Dark Horse Comics 2021
By Jeff Lemire
Lettered by Steve Wands
Stuck in an urban labyrinth of his own torment, melancholy building inspector Will and his talking canine companion fight their way through a dangerous metropolitan maze and head underground on the hunt to find his long-gone daughter.
The further we get into this story the further away from what this story is really about I find myself. Yeah Will misses his daughter and her loss consumed him to such a degree that he let himself spiral downward into some serious depression. Now he believes that his daughter has been contacting him and this has set him on a new path, one just as obsessive as can be. I may not fully understand what Will is going through, I've lost a spouse, never a child, and I’m going to pretend to fully understand what the heck is going on but I surely am fascinated by what we see and I want to see oh so much more. I have to say that I really like how we see Vern and how he ties the real world and this otherworld together as he does. Can never know if it is some subconscious manifestation or not but man’s best friend and all that jazz can be any number of things.
I am absolutely enthralled by the way that this is being told. The story & plot development that we see through how the sequence of events unfold as well as how the reader learns information are presented exceptionally well. The character development that we see through the dialogue, the character interaction as well as how we see them act and react to the situations and circumstances which they encounter does a magnificent job in continuing to flesh out their personalities. The pacing is excellent and as it takes us through the pages revealing more and more of the story the more wrapped up in the story that we become.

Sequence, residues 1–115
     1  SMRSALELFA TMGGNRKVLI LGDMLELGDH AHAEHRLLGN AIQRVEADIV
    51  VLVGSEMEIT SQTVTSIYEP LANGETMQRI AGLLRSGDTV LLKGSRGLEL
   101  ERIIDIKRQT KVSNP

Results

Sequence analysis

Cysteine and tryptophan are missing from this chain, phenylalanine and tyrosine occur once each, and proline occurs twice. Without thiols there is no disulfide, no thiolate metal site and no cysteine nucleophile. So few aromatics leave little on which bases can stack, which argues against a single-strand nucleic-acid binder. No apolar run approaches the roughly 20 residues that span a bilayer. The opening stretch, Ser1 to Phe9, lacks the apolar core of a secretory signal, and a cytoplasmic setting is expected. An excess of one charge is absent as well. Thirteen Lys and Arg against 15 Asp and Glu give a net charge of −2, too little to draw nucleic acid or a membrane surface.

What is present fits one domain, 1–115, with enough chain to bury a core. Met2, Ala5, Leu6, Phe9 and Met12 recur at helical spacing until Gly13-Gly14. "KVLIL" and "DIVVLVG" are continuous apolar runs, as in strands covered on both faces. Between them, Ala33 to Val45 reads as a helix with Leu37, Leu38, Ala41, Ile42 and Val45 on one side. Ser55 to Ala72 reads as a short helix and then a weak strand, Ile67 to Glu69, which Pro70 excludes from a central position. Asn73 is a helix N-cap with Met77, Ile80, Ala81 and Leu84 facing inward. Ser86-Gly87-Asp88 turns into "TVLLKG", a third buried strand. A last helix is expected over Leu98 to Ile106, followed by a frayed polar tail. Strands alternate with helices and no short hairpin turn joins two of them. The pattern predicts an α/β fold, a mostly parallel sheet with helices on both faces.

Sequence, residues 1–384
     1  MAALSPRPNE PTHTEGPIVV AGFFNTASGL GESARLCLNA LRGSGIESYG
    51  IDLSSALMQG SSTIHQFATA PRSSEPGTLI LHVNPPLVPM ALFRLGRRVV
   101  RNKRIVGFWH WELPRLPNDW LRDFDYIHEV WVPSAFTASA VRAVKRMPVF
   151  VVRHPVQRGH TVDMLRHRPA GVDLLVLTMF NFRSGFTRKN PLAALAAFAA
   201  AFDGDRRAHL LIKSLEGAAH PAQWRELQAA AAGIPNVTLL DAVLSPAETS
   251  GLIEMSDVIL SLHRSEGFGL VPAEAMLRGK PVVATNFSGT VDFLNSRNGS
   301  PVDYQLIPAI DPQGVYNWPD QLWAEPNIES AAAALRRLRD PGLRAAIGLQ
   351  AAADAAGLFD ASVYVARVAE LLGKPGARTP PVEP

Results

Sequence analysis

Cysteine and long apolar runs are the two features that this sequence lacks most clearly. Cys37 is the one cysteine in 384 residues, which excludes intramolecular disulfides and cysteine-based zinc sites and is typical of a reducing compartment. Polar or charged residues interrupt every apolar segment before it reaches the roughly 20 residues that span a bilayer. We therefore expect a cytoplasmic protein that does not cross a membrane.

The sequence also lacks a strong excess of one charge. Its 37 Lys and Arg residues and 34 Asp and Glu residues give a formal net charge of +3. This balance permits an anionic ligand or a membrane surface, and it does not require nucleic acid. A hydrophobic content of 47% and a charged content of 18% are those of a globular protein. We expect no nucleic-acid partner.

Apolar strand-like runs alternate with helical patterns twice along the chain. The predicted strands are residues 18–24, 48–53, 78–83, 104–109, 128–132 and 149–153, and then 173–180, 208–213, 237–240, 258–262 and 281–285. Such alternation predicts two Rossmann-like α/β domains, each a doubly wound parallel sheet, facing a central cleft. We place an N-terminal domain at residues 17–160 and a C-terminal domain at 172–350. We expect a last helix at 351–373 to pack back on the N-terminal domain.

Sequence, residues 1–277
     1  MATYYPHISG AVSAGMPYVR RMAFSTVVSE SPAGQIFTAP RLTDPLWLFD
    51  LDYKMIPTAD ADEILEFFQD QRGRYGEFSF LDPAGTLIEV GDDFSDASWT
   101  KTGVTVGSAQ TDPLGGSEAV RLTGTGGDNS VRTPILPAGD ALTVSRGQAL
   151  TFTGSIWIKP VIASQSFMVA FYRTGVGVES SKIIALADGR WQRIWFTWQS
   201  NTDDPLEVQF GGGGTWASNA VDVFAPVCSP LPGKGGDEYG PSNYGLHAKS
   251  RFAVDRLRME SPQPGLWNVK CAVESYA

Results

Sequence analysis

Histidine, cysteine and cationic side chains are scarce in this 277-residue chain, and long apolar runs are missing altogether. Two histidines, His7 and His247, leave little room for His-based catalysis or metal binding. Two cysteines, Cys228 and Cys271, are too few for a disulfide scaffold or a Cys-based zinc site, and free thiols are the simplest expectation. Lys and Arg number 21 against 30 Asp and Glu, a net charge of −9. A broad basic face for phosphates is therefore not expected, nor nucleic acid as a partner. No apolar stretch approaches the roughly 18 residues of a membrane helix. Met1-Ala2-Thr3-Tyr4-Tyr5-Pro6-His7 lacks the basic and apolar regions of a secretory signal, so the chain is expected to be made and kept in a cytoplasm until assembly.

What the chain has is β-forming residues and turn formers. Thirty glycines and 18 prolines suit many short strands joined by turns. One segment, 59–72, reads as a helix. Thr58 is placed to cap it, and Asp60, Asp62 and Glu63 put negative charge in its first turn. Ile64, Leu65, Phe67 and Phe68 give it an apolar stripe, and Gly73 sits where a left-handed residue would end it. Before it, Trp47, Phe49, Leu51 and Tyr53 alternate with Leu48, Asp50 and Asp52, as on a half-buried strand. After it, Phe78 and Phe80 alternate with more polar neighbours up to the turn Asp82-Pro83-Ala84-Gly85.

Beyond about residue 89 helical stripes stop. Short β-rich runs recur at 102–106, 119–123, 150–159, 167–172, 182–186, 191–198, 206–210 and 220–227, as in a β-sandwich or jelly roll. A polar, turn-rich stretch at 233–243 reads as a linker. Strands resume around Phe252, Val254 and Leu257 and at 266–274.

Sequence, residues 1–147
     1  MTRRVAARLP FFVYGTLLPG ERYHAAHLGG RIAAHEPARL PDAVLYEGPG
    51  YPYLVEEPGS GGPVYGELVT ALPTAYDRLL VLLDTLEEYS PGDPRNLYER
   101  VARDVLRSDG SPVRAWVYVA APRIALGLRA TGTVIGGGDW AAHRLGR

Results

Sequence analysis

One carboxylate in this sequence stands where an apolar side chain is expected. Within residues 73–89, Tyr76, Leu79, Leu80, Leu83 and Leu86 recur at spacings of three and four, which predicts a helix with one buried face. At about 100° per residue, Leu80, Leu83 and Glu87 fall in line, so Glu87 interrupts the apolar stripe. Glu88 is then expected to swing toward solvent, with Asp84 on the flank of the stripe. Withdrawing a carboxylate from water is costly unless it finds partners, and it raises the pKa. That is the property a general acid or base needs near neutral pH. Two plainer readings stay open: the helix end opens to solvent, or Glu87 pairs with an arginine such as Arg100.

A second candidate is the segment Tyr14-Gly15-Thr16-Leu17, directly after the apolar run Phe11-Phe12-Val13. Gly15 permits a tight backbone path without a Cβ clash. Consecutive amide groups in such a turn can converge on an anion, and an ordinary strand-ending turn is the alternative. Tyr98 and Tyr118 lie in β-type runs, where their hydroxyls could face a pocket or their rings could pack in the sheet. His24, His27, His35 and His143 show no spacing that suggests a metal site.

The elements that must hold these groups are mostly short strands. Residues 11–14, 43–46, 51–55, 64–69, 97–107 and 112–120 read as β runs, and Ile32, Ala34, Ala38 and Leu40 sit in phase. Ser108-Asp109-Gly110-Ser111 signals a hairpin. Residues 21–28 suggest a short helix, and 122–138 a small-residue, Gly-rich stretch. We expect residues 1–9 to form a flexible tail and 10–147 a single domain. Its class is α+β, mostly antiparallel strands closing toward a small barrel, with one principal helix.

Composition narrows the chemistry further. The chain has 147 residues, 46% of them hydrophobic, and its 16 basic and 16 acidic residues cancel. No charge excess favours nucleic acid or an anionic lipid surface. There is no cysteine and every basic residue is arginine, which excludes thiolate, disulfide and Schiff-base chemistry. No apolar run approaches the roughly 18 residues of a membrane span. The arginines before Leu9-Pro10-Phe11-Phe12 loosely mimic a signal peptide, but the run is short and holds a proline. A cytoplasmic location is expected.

I am a huge fan of the way that we see this being structured and how the layers within the story continue to emerge, grow, evolve and strengthen. I am also liking how we see the layers open up new avenues to be explored. Whether this is Vern, what Will finds, or what we see happening to Will’s mind, all this and more adds some great depth, dimension and complexity to the story. How we see everything working together to create the story’s ebb & flow as well as how it moves the story forward are impeccably handled.
The interiors here are extremely expressive and impassioned. The linework is exceptional and how we see the varying weights and techniques being utilised to create the detail we see within the work is rather extraordinary. How we see backgrounds enhance and expand the moments beautifully and how we see them work within the composition of the panels to bring out the depth perception, sense of scale and the overall sense of size and scope to the story. The utilisation of the page layouts, which is rather innovative if you ask me, and how we see the angles and perspective in the panels show a remarkably talented eye for storytelling. The colour work is extraordinary in and of itself. The monochromatic tones we see in that watercolour style is fresh, interesting and creates such an appealing vision. With the red lines or an odd colour here and there it really brings everything to life exceptionally well.
The longer that Will spends in this reality the more he’s forgetting, his life, his daughter and his search. He needs Vern to keep him on track and remind him what they are doing but will even that be enough? I do like that this isn’t being rushed and it is being allowed to play out at the pace it needs to to really be told. With some mindbogglingly brilliant storytelling and these phenomenal interiors this book is one you are never likely to forget.